New Nature Chemical Biology paper

  It’s out! Our Nature Chemical Biology paper “Evolution of cyclohexadienyl dehydratase from an ancestral solute-binding protein” is now online.  How do new enzymes evolve from proteins that were initially specialised for binding? In this work, we use ancestral protein reconstruction to calculate and characterise the evolutionary intermediate states linking an ancestral solute-binding protein toContinue reading “New Nature Chemical Biology paper”

2018 Lorne Conference on Protein Structure and Function

The group had a great time down at the Lorne Protein Conference last week. So much great science, and an absolutely beautiful location! Matt S, Vanessa, Galen and Joe presented posters on their work. Congratulations to Galen and Joe for picking up poster prizes! Top work guys. The week was topped off with a fabulous dayContinue reading “2018 Lorne Conference on Protein Structure and Function”

Welcome Dr Matthew Wilding!

We are very happy to welcome Dr Matthew Wilding to our group. Matt obtained his Ph.D. from the University of Manchester (UK) in 2012 and moved to Australia to take up a postdoctoral research position at the Commonwealth Scientific and Industrial Research Organisation (CSIRO). He was subsequently appointed as a Research Scientist at CSIRO, working inContinue reading “Welcome Dr Matthew Wilding!”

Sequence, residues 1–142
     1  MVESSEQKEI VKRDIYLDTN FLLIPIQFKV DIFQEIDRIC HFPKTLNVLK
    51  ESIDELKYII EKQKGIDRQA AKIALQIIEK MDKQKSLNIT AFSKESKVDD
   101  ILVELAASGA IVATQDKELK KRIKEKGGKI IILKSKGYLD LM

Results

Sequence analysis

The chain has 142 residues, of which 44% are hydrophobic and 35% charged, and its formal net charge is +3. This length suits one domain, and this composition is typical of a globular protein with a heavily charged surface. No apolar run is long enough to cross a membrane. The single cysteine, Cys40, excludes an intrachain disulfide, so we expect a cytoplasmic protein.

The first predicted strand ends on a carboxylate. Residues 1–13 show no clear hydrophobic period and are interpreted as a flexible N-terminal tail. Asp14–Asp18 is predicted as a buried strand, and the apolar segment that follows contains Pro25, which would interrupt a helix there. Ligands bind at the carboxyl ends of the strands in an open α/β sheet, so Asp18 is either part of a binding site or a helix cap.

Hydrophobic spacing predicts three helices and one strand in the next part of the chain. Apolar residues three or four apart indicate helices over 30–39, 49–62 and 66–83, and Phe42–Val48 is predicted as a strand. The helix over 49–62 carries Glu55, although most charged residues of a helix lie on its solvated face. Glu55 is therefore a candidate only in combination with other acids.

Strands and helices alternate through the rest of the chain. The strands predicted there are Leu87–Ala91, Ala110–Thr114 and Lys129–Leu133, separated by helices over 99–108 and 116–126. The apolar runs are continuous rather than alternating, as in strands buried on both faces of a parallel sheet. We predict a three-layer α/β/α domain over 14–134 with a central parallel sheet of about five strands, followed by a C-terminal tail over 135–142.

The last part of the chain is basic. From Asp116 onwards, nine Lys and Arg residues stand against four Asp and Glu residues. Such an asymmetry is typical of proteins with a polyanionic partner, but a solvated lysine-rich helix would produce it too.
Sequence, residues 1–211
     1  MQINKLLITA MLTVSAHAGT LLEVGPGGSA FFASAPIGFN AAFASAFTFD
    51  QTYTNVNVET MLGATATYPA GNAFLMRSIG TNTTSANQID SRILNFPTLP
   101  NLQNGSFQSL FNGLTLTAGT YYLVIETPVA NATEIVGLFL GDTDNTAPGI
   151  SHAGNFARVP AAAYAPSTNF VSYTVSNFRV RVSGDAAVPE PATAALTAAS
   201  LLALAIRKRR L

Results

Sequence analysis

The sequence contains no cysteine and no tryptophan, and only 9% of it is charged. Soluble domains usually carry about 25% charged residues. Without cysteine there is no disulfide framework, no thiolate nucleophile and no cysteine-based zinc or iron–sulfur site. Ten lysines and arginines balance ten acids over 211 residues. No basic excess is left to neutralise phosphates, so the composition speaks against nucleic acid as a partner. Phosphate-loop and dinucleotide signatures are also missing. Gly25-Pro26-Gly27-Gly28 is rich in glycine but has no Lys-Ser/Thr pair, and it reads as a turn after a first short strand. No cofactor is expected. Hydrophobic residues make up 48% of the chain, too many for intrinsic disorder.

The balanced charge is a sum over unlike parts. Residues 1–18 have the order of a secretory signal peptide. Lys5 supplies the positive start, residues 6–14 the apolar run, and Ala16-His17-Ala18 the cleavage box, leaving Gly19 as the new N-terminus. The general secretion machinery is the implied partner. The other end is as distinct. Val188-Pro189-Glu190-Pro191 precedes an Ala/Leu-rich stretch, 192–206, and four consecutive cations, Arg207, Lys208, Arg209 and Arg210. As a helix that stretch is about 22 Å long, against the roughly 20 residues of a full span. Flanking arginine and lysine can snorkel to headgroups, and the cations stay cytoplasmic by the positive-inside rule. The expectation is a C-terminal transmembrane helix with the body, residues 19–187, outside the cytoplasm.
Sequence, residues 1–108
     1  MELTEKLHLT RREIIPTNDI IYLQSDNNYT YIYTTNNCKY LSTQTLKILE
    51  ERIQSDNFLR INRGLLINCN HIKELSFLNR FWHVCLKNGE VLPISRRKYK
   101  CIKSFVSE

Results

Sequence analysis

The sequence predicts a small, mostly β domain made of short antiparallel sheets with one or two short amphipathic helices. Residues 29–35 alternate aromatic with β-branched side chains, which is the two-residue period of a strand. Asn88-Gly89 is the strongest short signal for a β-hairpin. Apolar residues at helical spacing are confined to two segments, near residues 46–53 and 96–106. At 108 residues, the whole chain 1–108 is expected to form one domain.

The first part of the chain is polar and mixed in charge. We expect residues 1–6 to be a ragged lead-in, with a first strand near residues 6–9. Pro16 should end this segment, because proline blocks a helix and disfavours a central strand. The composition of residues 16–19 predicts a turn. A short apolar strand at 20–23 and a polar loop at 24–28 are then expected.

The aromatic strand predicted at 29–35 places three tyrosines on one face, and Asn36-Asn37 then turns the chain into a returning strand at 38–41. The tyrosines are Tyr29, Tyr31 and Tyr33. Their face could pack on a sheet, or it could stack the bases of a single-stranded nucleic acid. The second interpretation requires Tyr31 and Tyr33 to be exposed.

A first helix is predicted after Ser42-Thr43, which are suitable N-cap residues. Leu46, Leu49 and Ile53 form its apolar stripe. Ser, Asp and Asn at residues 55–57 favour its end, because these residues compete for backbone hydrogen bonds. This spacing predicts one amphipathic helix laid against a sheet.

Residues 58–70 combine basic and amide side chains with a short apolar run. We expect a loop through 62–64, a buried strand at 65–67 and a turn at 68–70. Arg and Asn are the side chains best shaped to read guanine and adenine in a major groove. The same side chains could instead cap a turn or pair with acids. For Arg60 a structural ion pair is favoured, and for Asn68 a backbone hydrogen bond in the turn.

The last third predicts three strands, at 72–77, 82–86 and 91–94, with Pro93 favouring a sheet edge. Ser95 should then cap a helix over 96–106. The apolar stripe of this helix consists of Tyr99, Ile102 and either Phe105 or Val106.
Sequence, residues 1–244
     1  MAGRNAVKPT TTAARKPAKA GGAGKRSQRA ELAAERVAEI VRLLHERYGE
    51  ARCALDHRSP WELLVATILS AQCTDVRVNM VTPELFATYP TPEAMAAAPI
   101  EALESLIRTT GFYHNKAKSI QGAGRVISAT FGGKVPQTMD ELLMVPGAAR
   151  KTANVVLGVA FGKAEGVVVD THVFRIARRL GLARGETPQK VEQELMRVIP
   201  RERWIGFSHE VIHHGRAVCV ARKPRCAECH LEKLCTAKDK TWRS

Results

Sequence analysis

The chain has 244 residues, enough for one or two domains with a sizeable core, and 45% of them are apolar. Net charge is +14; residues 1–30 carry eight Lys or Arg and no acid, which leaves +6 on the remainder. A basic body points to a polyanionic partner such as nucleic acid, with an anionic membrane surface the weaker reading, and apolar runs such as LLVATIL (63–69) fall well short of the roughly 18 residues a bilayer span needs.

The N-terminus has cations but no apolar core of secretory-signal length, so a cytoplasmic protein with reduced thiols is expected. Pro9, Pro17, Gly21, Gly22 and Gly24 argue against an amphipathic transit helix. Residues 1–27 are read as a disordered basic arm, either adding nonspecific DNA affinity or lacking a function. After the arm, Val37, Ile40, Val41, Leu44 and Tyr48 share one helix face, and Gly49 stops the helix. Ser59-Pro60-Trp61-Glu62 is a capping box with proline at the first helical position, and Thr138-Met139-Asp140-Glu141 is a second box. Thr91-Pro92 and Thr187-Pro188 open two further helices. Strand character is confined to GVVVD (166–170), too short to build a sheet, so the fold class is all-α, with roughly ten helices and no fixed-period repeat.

“Laboratory evolution of protein conformational dynamics” – new review paper

Check out our latest review on the laboratory evolution of protein conformational dynamics, published in Current Opinion in Structural Biology. This review focuses on recent work that has begun to establish specific functional roles for protein conformational dynamics, specifically how the conformational landscapes that proteins can sample can evolve under laboratory-based evolutionary selection. We discuss recent technicalContinue reading ““Laboratory evolution of protein conformational dynamics” – new review paper”

What makes an enzyme a good insecticide sponge?

A molecular understanding of pesticide sequestration by insect carboxylesterases could guide the design of inhibitors to help circumvent carboxylesterase-mediated metabolic resistance to organophosphate and carbamate insecticides in insect disease vectors, such as the mosquito. In a recently accepted paper from our group, entitled “The structure of an insecticide sequestering carboxylesterase from the disease vector CulexContinue reading “What makes an enzyme a good insecticide sponge?”

Hafna awarded the Vince Massey Award!

Hafna recently attended the 19th International Symposium on Flavins and Flavoproteins held in Groningen in the Netherlands. This is the largest and most specialised conference held in the field of flavin research and has been held triennially for the last 60 years. Hafna presented the work she did during her PhD on F420 binding proteins among theContinue reading “Hafna awarded the Vince Massey Award!”